Tuesday, January 11, 2005

Mmmm .. Armor 

Hat tip to CharLeBois, my latest addition to the blogroll.

He points out this great blog by a soldier reporting directly from a tank in Iraq, Armor Gedden. Since our media have decided to root for the defeat of any western army that has gone to war since World War 2, I think it's absolutely fantastic that soldiers have taken to writing their own coverage. There's lot's of great stuff, including photos, and detailed coverage of action in Falluja. Great stuff.

Debunking the Global Warming myth 

Here's another interesting article by someone who dared look behind the curtain and examine the "Data of Doom", as he refers to the global warming hysteria:
But a funny thing happened on the way to climate Armageddon when these analytical, disease, economics, engineering, environmental, sea and weather experts took a close look at the Data of Doom. They found much of it, and many of the conclusions drawn from it, to be pure hokum.

Or in two words, "fatally flawed," according to Mr. Agerup, the economist president of the Danish Academy for Future Studies and one of the lead authors of "The impacts for climate change: An appraisal for the future."

The report is extensive and technical. Those so inclined can partake of more particulars -- including 10 pages of detailed, peer-reviewed scientific references -- by visiting the Web site of the International Policy Network in London (www.policynetwork.net). Here, however, I'll spare your eyes of a solid glazing over with the studies' relatively easy-to-understand talking points:

"Predictions of extreme (global warming) impacts are based on scenarios of future emissions of greenhouse gases that are fundamentally flawed. These scenarios employ faulty logic, faulty science and faulty economics, thereby massively over-estimating future emissions and any warming that might result."
There's more, read the whole thing. Or better yet, check out the excellent report itself at the Policy Network.

Justzumgai adds:I just got dinged almost $40 for a vehicle emissions test today. This must be costing the Ontario economy hundreds of millions of dollars per year in direct costs, plus many hundreds of millions more due to the lost productivity of people losing half a day of work as they take their car in. Well, I suppose if one less person dies of asthma it'll all be worth it ...

In case anyone thinks that there is nothing cultlike or religious about the environmental movement, check out the Ontario Driveclean logo: .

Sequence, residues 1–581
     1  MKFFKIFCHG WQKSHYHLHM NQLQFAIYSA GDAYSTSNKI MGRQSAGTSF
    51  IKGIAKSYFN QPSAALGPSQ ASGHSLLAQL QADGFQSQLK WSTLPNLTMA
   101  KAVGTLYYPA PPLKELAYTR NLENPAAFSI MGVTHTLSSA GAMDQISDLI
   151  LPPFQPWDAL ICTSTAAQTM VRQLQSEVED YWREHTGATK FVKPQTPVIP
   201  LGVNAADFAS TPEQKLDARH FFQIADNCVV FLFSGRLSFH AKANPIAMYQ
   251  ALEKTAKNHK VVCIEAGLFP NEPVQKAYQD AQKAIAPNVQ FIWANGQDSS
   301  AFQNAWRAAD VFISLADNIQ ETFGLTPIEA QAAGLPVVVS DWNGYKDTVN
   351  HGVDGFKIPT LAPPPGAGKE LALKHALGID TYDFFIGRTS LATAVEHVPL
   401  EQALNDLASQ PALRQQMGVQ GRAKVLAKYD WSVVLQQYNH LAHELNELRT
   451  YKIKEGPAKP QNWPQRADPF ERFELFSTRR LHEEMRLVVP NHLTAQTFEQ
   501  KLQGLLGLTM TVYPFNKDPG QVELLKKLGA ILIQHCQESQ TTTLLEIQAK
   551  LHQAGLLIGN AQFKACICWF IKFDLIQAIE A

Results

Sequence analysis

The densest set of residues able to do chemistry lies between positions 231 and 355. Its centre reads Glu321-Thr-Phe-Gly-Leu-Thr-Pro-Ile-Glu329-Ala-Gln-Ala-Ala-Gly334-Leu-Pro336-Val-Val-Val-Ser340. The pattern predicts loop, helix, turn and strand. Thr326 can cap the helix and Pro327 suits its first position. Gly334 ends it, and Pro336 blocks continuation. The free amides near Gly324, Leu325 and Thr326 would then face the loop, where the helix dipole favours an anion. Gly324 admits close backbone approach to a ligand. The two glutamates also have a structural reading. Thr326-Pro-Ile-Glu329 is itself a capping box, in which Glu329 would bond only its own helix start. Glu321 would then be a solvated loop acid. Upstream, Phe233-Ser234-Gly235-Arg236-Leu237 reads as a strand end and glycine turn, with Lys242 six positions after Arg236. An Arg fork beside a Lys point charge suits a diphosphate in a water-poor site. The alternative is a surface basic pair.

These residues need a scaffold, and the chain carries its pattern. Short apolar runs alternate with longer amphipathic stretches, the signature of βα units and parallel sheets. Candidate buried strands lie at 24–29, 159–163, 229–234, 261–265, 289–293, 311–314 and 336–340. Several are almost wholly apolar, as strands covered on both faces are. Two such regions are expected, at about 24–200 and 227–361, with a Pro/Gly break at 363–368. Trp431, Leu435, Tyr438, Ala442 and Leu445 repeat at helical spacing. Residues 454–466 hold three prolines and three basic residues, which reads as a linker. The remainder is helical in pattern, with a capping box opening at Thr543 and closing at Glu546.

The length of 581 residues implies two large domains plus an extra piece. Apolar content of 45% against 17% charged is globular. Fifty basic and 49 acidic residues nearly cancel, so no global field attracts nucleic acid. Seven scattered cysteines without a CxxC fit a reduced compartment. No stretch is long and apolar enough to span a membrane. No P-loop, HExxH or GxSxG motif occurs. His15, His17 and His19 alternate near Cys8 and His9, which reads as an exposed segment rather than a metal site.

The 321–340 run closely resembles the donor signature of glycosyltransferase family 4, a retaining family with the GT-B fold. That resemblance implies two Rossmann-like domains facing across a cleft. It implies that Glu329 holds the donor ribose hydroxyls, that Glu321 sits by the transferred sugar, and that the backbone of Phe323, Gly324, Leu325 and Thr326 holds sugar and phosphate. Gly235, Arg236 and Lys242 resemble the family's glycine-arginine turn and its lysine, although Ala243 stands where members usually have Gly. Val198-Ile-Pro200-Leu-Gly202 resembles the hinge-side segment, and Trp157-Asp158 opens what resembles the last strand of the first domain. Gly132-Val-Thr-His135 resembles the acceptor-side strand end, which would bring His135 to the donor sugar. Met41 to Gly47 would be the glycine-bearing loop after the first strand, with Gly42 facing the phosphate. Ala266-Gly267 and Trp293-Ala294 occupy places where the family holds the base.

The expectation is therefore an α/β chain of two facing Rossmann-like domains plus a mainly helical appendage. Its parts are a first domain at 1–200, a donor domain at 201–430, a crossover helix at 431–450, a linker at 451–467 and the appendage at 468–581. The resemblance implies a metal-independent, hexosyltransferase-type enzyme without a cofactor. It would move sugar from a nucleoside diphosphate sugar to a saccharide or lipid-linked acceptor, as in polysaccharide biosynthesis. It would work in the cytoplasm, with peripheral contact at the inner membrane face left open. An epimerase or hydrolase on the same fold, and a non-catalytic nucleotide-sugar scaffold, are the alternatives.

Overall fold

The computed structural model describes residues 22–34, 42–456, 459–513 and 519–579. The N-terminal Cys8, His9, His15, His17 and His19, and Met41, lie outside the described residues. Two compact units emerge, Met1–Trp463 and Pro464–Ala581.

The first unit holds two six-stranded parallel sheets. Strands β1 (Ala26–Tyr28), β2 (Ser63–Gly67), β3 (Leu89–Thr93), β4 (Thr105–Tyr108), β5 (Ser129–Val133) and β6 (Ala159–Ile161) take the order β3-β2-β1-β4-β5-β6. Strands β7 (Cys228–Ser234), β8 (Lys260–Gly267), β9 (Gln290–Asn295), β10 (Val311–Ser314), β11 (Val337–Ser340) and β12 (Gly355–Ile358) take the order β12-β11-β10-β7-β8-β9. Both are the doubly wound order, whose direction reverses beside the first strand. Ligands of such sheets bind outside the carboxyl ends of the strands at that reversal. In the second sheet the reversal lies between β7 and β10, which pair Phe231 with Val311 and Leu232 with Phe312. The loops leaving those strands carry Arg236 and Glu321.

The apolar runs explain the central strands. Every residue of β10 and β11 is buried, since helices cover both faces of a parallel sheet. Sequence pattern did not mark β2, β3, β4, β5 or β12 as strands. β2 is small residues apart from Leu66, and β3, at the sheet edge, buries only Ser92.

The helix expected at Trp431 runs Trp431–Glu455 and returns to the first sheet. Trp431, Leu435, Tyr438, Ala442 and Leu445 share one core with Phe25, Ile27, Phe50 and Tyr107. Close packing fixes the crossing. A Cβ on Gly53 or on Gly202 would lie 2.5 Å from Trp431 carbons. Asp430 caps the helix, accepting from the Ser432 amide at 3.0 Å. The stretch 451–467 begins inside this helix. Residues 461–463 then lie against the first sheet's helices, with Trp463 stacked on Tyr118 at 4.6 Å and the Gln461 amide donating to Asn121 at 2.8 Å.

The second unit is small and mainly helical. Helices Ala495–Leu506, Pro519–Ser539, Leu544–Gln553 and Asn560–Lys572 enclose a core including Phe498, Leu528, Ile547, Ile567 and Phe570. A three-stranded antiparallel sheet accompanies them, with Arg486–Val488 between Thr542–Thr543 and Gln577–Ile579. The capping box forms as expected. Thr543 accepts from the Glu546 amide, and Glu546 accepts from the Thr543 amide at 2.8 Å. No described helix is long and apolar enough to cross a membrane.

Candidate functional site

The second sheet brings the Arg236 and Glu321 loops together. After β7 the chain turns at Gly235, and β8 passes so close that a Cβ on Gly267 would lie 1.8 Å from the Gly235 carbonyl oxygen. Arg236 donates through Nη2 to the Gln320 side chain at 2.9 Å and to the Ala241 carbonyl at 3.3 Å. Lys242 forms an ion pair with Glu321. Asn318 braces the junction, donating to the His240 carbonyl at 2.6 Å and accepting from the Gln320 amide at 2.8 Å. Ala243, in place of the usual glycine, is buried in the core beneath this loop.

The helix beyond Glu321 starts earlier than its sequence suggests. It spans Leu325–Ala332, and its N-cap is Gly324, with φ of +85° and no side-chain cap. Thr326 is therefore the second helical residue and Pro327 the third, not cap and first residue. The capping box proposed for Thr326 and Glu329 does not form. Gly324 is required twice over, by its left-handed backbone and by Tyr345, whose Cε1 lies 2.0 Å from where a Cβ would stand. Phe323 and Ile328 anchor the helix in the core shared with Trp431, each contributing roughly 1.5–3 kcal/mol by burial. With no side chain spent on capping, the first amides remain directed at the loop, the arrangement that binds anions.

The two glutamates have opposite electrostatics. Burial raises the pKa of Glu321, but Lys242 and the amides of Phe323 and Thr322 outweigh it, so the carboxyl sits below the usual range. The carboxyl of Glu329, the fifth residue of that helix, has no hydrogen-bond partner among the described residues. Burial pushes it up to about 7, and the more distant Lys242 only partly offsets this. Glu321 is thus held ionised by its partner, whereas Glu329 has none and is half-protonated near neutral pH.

Monday, January 10, 2005

I can be bought 

I won't express too much outrage at this little Armstrong Williams affair, regarding the acceptance of payments to write supporting opinions.

I'd just point out to anyone running the Sponsorship program that for a quarter million I'll plaster all the logos you want on this site and write about the virtues of the firearms registry, Atlantic Canada Opportunities Agency and the fine job Heritage Canada is doing promoting multiculturalism. Just send the cash and it'll be done.

I might, however, choke on saying anything good about the job you're doing with Canada's military. I do have my limits.

Saturday, January 08, 2005

A shocking Margaret Wente column 

Just like many in Newfoundland, I was utterly shocked to find that the Globe and Mail published this column (found at Damian Penny's blog).

By calling Newfoundland "probably the most vast and scenic welfare ghetto in the world" Margaret Wente is certainly guilty of writing an insightful, lively, provocative column on a topic of great importance. One wonders if her career at the Globe will survive such a violation of their journalistic code.

I apologize for commenting on this a little late, it's undoubtedly old news for many of you. But since the Globe is ordinarily such a mindnumbingly boring paper I almost never read it and wouldn't have known about this little flap if Damian hadn't mentioned it on his blog.

Apparently this column has generated more letters from outraged readers than any other they've ever run. She has committed the sin of saying out loud what everyone knows but the bien pensants insist cannot be said:
This hallowed policy of siphoning money from the haves to the have-nots, so that everyone can be equal, has turned Canada into a permanently aggrieved nation, in which every region of the country is convinced that it's being brutally ripped off by every other region. No one is better at this blame game than the Newfs, egged on by generations of politicians. The only way to get elected there is to pledge to stop the terrible atrocities of Ottawa (i.e., not sending enough money). If you should make the error of suggesting that people might have to become more self-sufficient, your political career is dead. Politicians like to get elected, which is why things never change.